Before you assign the Lock pages in memory user right, make sure that you capture a Performance Monitor log to determine the memory requirements of various applications and services that are installed on the system. These applications also include SQL Server . To determine the memory requirements, collect the following baseline information:
- Make sure that you set the max server memory option and the min server memory option correctly. These options reflect only the memory requirement of the buffer pool of the SQL Server process. These options do not include the memory that is allocated for other components within the SQL Server process. These components include the following:
- The SQL Server worker threads
- Various DLLs and components that the SQL Server process loads within the address space of the SQL Server process
- The backup and restore operations
- The DLLs and components include various OLE DB providers, extended stored procedures, Microsoft COM objects that are used for the sp_OACreate stored procedure, linked servers, and SQL Server CLR. Memory that is allocated for these components falls under the nonbuffer pool region of the address space of the SQL Server process. To ideally determine the maximum amount of memory that the whole SQL Server process can use, you must subtract the memory that is allocated for components that do not use the buffer pool from the total memory that you want the SQL Server process to use. Then, you can use the remainder value to set the max server memory option. Before you set the max server memory option and the min server memory option, you should carefully review the "Setting the memory options manually" topic in SQL Server Books Online.
- Determine the memory requirement of other applications and of the Windows operating system components. Applications may include other SQL Server components, for example, SQL Server Agent, SQL Server Replication Agents, SQL Server Reporting Services, SQL Server Analysis Services, SQL Server Integration Services, and SQL Server Full Text Search. Applications that perform backup operations and file copy operations may use lots of memory. Consider operations such as bulk copy and the Snapshot Agent that generate file IO. You must consider the memory requirement of all these applications when you determine the value of the max server memory option and of the min server memory option. You can use the Private Bytes counter and the Working Set counter under the Process object for every process to determine the memory requirement for a specific process.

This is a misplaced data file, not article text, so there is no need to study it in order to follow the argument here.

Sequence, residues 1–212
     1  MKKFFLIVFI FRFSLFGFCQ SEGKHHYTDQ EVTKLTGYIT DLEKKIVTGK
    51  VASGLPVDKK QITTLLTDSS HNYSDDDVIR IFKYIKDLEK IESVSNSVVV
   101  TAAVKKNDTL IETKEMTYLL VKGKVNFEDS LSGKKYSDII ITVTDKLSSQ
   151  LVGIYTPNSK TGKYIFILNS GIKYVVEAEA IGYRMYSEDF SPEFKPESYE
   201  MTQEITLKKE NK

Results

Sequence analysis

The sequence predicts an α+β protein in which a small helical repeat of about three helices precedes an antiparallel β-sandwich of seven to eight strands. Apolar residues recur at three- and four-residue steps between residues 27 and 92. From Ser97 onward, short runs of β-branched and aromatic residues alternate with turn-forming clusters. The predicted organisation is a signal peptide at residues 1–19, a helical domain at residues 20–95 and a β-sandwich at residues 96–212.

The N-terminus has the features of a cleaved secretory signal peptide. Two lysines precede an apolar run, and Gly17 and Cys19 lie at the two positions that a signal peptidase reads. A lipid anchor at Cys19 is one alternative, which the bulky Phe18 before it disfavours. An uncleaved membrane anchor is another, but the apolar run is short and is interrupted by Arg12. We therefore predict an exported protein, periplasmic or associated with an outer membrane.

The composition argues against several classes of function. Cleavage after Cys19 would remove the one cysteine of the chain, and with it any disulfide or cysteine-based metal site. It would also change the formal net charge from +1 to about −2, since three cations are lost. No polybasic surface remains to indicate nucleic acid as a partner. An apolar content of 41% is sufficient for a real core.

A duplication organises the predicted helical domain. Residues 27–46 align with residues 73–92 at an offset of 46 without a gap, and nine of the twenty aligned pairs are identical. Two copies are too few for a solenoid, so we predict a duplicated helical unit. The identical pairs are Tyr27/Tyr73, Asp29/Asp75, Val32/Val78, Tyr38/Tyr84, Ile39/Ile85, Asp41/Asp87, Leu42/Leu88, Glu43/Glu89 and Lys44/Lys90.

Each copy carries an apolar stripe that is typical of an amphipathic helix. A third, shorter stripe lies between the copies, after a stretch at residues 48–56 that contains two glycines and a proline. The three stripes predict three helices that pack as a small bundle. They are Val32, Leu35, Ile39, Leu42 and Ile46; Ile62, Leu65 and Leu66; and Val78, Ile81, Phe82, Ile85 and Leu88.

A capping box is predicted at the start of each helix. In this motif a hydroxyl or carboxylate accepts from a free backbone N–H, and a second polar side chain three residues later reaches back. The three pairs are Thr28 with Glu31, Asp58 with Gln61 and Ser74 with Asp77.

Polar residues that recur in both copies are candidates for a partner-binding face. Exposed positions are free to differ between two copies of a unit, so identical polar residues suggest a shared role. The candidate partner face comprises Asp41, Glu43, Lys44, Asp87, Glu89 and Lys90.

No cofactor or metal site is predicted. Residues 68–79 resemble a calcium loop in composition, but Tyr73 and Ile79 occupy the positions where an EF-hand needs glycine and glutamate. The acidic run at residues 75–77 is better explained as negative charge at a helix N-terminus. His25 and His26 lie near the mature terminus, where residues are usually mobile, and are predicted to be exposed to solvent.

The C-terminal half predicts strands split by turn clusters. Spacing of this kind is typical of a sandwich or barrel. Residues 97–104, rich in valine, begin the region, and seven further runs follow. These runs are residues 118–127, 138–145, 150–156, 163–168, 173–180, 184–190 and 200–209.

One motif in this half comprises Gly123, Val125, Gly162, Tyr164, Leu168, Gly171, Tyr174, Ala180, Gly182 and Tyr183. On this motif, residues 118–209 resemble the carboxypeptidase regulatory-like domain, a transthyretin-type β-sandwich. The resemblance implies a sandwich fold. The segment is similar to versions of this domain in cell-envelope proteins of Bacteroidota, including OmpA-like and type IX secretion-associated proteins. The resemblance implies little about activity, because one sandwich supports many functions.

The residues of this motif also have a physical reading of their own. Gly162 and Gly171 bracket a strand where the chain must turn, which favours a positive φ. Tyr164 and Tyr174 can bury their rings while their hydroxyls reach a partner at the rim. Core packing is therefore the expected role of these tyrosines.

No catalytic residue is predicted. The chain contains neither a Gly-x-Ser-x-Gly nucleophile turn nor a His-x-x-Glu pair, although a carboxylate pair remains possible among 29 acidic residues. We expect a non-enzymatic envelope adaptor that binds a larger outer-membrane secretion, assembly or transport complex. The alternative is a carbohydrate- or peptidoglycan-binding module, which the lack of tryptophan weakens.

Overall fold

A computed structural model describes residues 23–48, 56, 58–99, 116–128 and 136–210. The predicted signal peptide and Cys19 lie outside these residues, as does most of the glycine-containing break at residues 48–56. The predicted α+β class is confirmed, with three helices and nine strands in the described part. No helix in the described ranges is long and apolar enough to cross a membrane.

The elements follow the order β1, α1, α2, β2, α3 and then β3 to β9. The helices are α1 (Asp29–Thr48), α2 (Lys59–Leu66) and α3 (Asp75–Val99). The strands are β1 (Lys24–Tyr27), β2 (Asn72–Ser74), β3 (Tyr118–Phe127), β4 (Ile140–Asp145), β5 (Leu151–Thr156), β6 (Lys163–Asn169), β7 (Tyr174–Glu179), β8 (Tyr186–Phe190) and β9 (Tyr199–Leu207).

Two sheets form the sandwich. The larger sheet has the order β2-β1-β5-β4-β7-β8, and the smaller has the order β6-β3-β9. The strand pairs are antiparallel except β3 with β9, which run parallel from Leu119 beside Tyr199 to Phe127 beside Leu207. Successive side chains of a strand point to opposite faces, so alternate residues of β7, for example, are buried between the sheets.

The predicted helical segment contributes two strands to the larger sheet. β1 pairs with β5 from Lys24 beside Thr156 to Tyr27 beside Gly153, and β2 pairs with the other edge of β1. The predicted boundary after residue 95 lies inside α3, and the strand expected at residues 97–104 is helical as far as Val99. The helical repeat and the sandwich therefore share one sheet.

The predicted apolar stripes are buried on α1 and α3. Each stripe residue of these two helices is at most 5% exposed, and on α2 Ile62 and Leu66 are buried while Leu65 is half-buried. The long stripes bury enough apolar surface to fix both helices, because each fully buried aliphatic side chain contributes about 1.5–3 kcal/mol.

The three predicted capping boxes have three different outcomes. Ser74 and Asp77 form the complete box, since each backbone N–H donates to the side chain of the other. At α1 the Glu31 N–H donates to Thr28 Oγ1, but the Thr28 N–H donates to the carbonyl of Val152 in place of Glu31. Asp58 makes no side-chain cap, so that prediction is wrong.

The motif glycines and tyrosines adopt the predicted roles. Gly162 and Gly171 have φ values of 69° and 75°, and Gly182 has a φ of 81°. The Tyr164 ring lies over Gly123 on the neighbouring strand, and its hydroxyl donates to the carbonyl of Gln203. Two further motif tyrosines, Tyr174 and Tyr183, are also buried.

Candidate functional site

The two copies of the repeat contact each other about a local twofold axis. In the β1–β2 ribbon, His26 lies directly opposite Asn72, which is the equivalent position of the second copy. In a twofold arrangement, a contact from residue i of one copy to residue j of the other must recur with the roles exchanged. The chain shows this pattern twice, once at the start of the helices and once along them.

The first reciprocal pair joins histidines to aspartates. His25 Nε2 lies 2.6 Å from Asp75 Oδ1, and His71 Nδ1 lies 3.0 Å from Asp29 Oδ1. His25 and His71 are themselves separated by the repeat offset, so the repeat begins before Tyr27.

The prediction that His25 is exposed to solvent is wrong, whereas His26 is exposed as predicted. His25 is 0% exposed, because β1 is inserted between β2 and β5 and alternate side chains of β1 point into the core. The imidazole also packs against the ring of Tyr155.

- By default, the Lock pages in memory user right has already been assigned to the built-in Local System account. For more information, visit the following Microsoft Web site:
- If you use a Windows user account globally for all SQL Server processes in a domain, determine the user rights that are assigned by using a Group Policy configuration. A 32-bit SQL Server process may use this account as the startup account. However, this account requires the Lock pages in memory user right to enable the Address Windowing Extensions (AWE) feature. For more information, see the "Providing the maximum amount of memory to SQL Server" topic in SQL Server Books Online.
- Before you configure the max server memory option and the min server memory option for multiple SQL Server instances, consider the memory requirements of the nonbuffer pool for each instance of SQL Server. Then, configure these options for each instance of SQL Server.
Ideally, you collect this baseline information during peak loads. Therefore, you can determine the memory requirements for various applications and components to support the peak load. The memory requirements vary from one system to another system, depending on the activities and the applications that are running on the system.
You can query the information that is provided in the dynamic management view sys.dm_os_process_memory to understand whether the system is encountering low memory conditions. For more information, see the SQL Server Books Online reference at the following site:
Improvements added in Windows Server 2008 and in Windows Server 2008 R2 that Reduce Working Set Trimming
Windows Server 2008 and Windows Server 2008 R2 improve the contiguous memory allocation mechanism. This improvement lets Windows Server 2008 and Windows Server 2008 R2 reduce to a certain extent the effects of paging out the working set of applications when new memory requests arrive.
The following is an explanation of the improvements from the Microsoft whitepaper "Advances in Memory Management in Windows":